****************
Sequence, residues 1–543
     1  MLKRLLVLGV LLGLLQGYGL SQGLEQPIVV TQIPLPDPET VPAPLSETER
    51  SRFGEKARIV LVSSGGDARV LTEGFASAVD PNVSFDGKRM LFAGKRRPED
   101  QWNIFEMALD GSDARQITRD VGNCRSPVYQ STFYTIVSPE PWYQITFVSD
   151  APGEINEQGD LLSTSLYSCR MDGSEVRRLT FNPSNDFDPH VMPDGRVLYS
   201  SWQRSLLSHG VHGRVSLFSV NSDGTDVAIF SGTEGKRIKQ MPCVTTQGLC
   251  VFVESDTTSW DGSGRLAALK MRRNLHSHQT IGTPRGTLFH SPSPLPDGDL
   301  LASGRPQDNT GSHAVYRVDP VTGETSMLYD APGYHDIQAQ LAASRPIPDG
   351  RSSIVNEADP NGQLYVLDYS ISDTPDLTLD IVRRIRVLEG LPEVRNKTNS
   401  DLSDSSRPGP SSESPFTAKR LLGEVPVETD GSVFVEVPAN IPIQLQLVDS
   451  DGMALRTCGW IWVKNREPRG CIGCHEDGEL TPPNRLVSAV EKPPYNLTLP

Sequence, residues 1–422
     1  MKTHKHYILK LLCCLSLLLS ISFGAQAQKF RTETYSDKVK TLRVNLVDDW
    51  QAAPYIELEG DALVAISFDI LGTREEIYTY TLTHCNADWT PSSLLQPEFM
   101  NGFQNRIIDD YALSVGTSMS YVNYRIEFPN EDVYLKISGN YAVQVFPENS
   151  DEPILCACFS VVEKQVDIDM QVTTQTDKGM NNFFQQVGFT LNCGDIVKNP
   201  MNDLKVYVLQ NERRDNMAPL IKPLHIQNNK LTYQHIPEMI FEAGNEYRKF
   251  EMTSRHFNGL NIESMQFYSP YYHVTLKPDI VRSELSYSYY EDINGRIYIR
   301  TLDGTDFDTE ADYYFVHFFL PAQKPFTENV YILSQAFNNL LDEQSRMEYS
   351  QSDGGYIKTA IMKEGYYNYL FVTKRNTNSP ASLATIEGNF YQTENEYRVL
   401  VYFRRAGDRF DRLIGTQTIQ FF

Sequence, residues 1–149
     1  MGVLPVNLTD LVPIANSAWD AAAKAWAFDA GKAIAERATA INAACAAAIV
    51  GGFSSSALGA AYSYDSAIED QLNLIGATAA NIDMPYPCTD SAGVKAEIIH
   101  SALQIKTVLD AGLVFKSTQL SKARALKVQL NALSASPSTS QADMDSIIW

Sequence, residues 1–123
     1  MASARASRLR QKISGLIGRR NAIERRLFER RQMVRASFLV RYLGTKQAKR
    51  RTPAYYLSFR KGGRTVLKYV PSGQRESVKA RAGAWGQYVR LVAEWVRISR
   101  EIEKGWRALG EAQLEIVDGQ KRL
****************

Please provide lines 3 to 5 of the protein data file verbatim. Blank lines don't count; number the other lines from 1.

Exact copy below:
    51  SRFGEKARIV LVSSGGDARV LTEGFASAVD PNVSFDGKRM LFAGKRRPED
   101  QWNIFEMALD GSDARQITRD VGNCRSPVYQ STFYTIVSPE PWYQITFVSD
   151  APGEINEQGD LLSTSLYSCR MDGSEVRRLT FNPSNDFDPH VMPDGRVLYS